There’s a growing effort underway to make California communities safer, as cities throughout the state adopt new laws requiring seismic retrofits of buildings proven to be vulnerable to damage in an earthquake.
San Francisco, Berkeley and other Bay Area cities were among the first to mandate earthquake retrofits for wood-framed, soft-story buildings – structures with open parking on the ground floor and apartment units built on the stories above. Los Angeles sparked the trend in Southern California with the nation’s most sweeping seismic retrofit law, adopted in 2015.
Since then, the movement to retrofit buildings at risk of collapse in a large earthquake has taken a major step forward as cities in both Northern and Southern California start planning for retrofit laws of their own. A short list of cities that have adopted or are considering earthquake-retrofit laws includes: San Francisco, Berkeley, Richmond, Fremont, San Jose, Alameda, Santa Clara County, Los Angeles County, Los Angeles, Beverly Hills, Santa Monica and West Hollywood.
The Structural Engineers Association of California estimates there may be as many as 100,000 buildings in Southern California alone facing retrofit mandates as other cities and counties consider adopting retrofit laws like those already enacted in other parts of the state.
Cost benefits of a retrofit
You can’t put a price on the cost of death or injury, and the loss of property resulting from earthquake damage can be much more than what a building is worth. That alone should be enough to prompt owners of at-risk buildings to look into making their structures safer. In many cases, these buildings represent a person’s total assets and retirement plan. Studies show it pays to protect that.
Researchers at Caltech recently performed a general benefit-cost analysis on several types of residential structures including a soft-story apartment building. They found that for every dollar spent on retrofitting, owners could expect to save up to $7 in repairs, and their calculations did not include the possibility of death or injury or the loss of contents within the structures themselves.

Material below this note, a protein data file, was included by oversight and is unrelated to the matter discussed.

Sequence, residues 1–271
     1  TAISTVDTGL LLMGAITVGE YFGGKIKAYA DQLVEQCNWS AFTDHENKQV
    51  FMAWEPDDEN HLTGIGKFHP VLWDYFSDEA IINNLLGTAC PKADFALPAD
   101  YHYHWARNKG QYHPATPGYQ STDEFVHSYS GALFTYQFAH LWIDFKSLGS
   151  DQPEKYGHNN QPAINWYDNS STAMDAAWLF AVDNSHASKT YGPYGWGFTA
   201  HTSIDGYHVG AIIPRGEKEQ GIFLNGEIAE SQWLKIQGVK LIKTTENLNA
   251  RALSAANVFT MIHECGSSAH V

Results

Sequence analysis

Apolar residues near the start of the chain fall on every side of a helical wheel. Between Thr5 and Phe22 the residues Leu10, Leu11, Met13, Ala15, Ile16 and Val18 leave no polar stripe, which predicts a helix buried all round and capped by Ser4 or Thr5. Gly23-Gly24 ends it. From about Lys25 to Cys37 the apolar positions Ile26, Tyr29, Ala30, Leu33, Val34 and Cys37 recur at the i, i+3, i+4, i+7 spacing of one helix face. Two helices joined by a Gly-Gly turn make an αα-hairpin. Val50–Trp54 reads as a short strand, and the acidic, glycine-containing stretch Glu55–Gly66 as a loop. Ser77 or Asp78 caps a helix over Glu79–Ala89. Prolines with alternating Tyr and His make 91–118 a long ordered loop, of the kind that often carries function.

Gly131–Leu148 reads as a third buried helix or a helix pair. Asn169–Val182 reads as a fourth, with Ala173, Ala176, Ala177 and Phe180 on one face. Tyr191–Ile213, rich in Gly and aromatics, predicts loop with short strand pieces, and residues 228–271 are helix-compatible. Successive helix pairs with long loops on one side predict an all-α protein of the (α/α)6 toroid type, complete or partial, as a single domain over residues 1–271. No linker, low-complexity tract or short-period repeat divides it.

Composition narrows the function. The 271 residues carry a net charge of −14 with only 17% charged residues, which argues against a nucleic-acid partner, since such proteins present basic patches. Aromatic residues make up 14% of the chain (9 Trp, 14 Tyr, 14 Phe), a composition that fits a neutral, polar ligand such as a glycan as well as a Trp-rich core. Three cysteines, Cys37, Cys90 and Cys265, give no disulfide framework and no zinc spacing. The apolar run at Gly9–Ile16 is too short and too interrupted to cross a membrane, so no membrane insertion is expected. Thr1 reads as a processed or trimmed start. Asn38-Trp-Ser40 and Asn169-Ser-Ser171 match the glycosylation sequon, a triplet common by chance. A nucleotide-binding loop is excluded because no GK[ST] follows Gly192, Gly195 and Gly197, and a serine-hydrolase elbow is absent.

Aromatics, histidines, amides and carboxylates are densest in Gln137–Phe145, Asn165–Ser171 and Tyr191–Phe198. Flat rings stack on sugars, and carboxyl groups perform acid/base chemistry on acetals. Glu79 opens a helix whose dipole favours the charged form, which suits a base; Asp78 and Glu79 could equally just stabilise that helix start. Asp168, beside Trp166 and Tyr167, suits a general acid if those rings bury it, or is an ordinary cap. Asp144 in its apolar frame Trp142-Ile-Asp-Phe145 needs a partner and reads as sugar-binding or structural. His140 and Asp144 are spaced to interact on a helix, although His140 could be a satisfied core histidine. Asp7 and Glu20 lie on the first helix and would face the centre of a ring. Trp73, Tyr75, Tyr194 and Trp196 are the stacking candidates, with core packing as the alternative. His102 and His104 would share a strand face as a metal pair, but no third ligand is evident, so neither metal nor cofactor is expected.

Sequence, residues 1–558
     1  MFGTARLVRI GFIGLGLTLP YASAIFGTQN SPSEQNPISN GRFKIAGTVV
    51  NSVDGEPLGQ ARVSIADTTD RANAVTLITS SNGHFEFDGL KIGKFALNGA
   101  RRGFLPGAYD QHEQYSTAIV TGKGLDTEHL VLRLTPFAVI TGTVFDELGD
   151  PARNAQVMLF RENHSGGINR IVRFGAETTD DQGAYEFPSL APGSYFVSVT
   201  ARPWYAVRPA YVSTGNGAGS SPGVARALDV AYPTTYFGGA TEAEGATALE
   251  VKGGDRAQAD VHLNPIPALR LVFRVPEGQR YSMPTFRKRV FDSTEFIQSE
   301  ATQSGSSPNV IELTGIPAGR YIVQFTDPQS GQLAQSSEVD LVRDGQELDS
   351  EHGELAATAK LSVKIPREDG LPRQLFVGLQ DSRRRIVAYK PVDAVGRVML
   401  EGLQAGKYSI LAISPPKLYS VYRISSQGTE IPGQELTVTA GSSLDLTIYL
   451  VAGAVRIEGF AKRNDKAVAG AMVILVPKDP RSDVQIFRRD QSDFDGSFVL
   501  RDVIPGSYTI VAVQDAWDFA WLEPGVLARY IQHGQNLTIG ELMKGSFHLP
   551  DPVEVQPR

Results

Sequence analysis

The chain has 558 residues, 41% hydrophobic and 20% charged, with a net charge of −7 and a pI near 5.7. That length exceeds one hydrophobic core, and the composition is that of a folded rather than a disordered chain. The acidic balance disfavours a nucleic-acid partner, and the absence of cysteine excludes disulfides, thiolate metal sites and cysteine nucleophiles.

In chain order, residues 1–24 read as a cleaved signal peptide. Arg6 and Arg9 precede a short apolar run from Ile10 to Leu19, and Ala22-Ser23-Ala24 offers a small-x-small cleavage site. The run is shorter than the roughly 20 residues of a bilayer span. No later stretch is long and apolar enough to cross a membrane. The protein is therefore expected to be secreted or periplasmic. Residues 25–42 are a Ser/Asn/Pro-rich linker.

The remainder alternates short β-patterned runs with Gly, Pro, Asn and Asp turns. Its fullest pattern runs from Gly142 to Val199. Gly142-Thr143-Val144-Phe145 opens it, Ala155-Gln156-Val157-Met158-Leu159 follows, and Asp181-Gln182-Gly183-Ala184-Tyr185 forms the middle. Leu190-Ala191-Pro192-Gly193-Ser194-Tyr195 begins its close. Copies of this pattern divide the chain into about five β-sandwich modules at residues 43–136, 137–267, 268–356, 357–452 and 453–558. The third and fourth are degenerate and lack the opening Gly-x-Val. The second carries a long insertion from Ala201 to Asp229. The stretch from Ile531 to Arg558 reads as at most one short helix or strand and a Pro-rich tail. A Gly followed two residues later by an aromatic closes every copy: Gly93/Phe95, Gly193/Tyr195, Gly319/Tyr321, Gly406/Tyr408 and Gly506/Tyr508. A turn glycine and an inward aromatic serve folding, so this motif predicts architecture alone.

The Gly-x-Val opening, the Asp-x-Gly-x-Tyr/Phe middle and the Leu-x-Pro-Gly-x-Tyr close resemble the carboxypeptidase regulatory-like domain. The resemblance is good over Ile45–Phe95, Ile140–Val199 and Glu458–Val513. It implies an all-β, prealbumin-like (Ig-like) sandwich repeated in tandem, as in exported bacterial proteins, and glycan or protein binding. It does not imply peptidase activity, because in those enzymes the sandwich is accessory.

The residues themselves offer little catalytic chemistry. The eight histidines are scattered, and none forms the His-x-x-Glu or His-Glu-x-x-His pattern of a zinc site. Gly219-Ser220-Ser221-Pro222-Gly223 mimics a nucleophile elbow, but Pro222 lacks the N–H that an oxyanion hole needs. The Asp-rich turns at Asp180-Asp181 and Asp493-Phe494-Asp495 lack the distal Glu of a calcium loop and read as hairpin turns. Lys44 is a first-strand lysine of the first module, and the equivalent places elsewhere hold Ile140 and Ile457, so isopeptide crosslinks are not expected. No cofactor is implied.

Retrofits help to guard against liability, claims of negligence and are beneficial for insurance purposes, too. In fact, many insurance carriers no longer insure soft-story structures built before 1978 against earthquakes. Carriers are becoming more discriminating and will either stop coverage or increase premiums to compensate for the added risk.
Fortunately, many cities have put financing models in place to help owners cover the costs of the retrofits. They want people to do the retrofits and are developing programs that can help.
Why is this happening now?
California is prone to earthquakes. That’s a given. And today, because of advances in seismology and the equipment used to measure and study earthquakes, scientists agree that our state is long overdue for another major tremblor – massive jolts like those experienced in Loma Prieta in 1989 or Northridge in 1994. Both of those quakes killed or injured hundreds of people and caused billions of dollars in property damage.
Geophysicists at NASA’s Jet Propulsion Lab recently determined that there is a 99 percent probability that a major quake will rock California in the next 2 ½ years. It’s not a matter of “if,” but “when.”
As a result, cities throughout the state – particularly those that have experienced severe destruction in the past – are doing their part to protect public safety and to guard against the massive displacement that happens when residents are forced out of their homes due to earthquake damage.